Dynamic polymers as the latest generation of biomaterials
Marle Vleugels defended her PhD thesis at the department of Chemical Engineering and Chemistry on September 14th.
Biomaterials have been used for years to repair tissue or even as support material for cell culture. A major source of inspiration for the latest generation of biomaterials is natural materials. In comparison to synthetic materials, natural materials are held together by weaker bonds, which is quite special. This property makes natural materials dynamic and allows them to adapt easily to their environment. The challenge for the field of novel synthetic biomaterials is to better understand dynamics and utilize it to create highly effective functional biomaterials, with the latest generation consisting of supramolecular polymers. For her PhD research, Marle Vleugels created new functional supramolecular polymers and tested these polymers in biological environments.
Supramolecular polymers are made up of building blocks that, similar to natural materials, are held together by relatively weak interactions (hydrogen bonds, ionic interactions). This enables these building blocks to be easily mixed to create a functional polymer. This is similar to constructing a very tall tower using various types of LEGO bricks, which makes it easier to incorporate functional groups into the polymers.
Another crucial aspect of supramolecular polymers is their dynamics. Due to these weaker interactions, the building blocks can come in and out of the polymer, theoretically allowing supramolecular polymers to adapt to their environment.
Creating functional supramolecular polymers
While groups led by Bert Meijer and Anja Palmans (both professors in the Department of Chemical Engineering and Chemistry) have been working with supramolecular polymers in water for a considerable amount of time, it is only recently that the first steps have been taken towards functional materials.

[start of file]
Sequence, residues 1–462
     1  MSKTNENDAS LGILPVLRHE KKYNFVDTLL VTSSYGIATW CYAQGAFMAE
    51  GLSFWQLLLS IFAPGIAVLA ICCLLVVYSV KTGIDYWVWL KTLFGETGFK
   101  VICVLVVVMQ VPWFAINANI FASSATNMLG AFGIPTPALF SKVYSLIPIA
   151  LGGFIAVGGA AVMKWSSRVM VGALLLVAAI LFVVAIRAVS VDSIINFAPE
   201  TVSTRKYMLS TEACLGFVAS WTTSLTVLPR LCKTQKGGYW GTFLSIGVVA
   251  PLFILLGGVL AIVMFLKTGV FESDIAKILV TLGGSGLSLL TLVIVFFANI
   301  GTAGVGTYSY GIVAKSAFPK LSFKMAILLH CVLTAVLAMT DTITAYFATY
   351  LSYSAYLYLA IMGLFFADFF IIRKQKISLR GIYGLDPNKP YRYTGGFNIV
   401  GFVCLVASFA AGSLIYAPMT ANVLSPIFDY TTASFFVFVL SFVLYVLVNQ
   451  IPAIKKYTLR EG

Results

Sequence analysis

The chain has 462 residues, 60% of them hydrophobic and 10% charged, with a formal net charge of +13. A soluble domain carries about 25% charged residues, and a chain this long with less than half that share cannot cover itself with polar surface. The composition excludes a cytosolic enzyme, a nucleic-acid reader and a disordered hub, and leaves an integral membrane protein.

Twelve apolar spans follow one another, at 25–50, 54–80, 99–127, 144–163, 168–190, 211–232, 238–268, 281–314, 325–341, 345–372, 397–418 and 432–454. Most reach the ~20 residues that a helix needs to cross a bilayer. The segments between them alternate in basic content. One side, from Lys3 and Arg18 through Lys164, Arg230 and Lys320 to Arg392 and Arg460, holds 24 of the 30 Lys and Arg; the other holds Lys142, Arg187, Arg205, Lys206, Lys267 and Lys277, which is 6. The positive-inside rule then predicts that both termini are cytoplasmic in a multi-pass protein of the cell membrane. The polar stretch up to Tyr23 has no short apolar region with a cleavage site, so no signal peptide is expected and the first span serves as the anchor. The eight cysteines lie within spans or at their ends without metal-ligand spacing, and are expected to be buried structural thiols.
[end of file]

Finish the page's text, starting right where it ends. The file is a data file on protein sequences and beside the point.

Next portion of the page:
The objective of the PhD research of Marle Vleugels was to create functional supramolecular polymers, test these polymers in a biological environment containing cells or proteins, and explore the role of dynamics in the interaction between the functional polymers and the proteins and/or cells.
Vleugels and her collaborators began by synthesizing new functional building blocks and incorporating them with the standard building blocks to create functional supramolecular polymers. She observed that copolymerization of functional building blocks is feasible and that the functionality remains available for binding to the cell surface and for interaction with proteins. The overall polymer dynamics were not heavily affected by functionalization, so the functional material retained the desired dynamicity.
One of Vleugels projects focused on developing and testing a novel type of antibiotic, given the growing problem of antibiotic-resistant bacteria. By using a charged choline group as a functional group on one of the functional building blocks, she was able to create supramolecular copolymers that were then tested as a new type of antibiotic. The actual testing on bacterial cells was conducted in collaboration with a research group in Spain. The tests on the bacteria were highly successful, as less polymer was needed to achieve the same antimicrobial effect as previously studied.
To further investigate whether supramolecular polymers can adapt to their environment like natural systems, Vleugels created a lipid bilayer that served as a mimic of the cell membrane. One of the functional building blocks of the polymer was labelled with a dye to track the functional group during binding to the "cell membrane."
Through super-resolution microscopy, she discovered that synthetic supramolecular polymers do indeed rearrange and cluster to strongly bind to cell-like surfaces. This demonstrated that dynamics and the ability to rearrange are essential for interaction between supramolecular polymers and cells.
In summary, the results from Vleugels thesis illustrate how functionalization affects the formation and dynamics of supramolecular systems. A foundation has also been established for studying the cell-material interface. These findings have enhanced our understanding of interactions between supramolecular polymers and biological systems, expanding their potential applications as biomaterials.
Title of PhD-thesis: Bioactive supramolecular assemblies. Supervisors: Bert Meijer and Anja Palmans.
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